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Peninsula Law’s Beti Bergman: Starter and finisher

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Peninsula Law's Einar Johnson, Beti Bergman and Thomas F. Quilling. Photo by Brad Jacobson

Peninsula Law’s Einar Johnson, Beti Bergman and Thomas F. Quilling. Photo by Brad Jacobson

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by Robb Fulcher

Beti Bergman, a principal of the firm Peninsula Law, is a triple-threat. She puts asset plans together, administers them, and, when necessary, champions her clients in court.

“Some attorneys in this field work only on the planning side, or only on the litigation side,” she said. “I do all three phases – planning, administration and litigation – so I see the issues from each perspective. To be a good litigator, you have to know why a plan was put together the way it was, and to be a good planner you have to know how it can come apart at the end.”

“It’s a tough, adversarial life being a litigator,” she said. “You have to be really sharp. You have to be fast on your feet. You have to be a gladiator.”

Although she’s not averse to battle, Bergman said many of her clients’ courtroom fights could have been avoided through more careful estate planning.

In some cases, the person with the estate might have worked up a will on his or her own, or with the help of a paralegal rather than an attorney. Such a document is usually not prepared properly, and either is voidable or leads to controversy amongst the beneficiaries as to the validity of the document or how the estate should be distributed.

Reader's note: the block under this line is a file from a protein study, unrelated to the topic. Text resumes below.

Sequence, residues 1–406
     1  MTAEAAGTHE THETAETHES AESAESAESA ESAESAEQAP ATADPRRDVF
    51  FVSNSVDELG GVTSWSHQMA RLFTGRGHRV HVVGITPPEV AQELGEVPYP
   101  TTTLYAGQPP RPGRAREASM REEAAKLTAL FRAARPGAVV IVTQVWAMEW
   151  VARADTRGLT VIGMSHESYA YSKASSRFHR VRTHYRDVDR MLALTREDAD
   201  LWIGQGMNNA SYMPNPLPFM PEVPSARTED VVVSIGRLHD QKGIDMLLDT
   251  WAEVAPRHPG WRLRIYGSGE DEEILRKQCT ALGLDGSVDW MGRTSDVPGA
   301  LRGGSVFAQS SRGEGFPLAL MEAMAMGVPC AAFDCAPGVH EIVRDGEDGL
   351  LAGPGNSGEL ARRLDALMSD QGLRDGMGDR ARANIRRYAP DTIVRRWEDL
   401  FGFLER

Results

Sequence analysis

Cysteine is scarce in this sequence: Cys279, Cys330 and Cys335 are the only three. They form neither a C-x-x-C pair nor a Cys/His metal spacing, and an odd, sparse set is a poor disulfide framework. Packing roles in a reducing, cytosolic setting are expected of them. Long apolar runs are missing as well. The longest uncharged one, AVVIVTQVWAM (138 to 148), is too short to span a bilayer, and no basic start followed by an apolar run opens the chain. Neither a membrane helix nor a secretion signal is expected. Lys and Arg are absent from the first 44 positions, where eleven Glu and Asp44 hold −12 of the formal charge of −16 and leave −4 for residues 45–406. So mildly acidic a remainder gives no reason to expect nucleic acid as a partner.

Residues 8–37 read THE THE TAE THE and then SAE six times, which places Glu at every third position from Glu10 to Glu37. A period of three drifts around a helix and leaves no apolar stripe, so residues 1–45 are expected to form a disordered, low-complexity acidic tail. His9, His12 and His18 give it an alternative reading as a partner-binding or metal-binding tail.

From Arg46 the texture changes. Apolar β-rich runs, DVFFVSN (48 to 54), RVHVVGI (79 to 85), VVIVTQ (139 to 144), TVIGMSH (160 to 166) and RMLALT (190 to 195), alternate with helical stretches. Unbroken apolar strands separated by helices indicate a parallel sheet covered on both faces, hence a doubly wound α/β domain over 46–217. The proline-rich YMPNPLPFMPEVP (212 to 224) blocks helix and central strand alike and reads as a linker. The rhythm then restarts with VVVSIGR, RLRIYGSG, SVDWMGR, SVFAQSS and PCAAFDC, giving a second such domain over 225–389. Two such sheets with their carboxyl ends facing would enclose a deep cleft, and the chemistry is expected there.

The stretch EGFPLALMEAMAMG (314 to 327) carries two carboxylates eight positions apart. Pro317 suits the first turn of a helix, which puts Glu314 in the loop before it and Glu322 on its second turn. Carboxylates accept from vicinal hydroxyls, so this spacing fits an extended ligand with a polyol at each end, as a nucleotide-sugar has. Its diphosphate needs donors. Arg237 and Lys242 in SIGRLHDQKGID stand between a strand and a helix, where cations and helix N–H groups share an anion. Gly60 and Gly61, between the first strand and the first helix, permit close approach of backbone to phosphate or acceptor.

“Unfortunately, too often I see estate plans that are not prepared properly. Then it gets litigated, and it’s a mess,” Bergman said.

“For a relatively small investment, you can have an attorney prepare a proper estate plan. Or, if it’s not done properly, your beneficiaries can pay an attorney thousands or hundreds of thousands of dollars to fight for the proper distribution of your estate,” she said.

In the course of her work, Bergman sees the abuse of seniors who can no longer handle their affairs, and she sees abuses by those who administer the assets of the deceased.

“When someone is old, they can be taken advantage of by an adult child or perhaps a neighbor, who will take them to an attorney and get them to leave everything to them.

“It is not uncommon that elderly citizens are taken advantage of, unfortunately,” Bergman said.

She also sees battles between beneficiaries, triggered by an adult child going “rogue” and dealing unfairly with relatives.

“It can stem from family dynamics – they have resentment toward each other, or they don’t trust each other. They don’t think things are being distributed fairly, and they fight over the estate,” Bergman said.

Bergman is also very much involved with the community. She is a founding member of the Asian Pacific American Women Lawyers Alliance, and a past board member for the Multi-Cultural Bar Alliance and UCLA Asian Pacific Alumni. She is a past president of the Southern California Chinese Lawyers Association, has served on its board of governors for eight years, and led its virtual reality trial skills workshop for four years.

She serves on a Los Angeles Superior Court Probate Volunteer Panel, the court’s Guardianship Volunteer Panel, and as a volunteer mediator for Superior Court in Torrance.

Bergman, the mother of two children, deftly balances family with her career, which includes running her firm as well as her casework.

Asked how she manages her firm while also raising two children, she answered, “I don’t waste a single minute of my day,” she said. “There is no downtime.”

3655 Torrance Blvd, Torrance. (424) 247-1196. PeninsulaLaw.org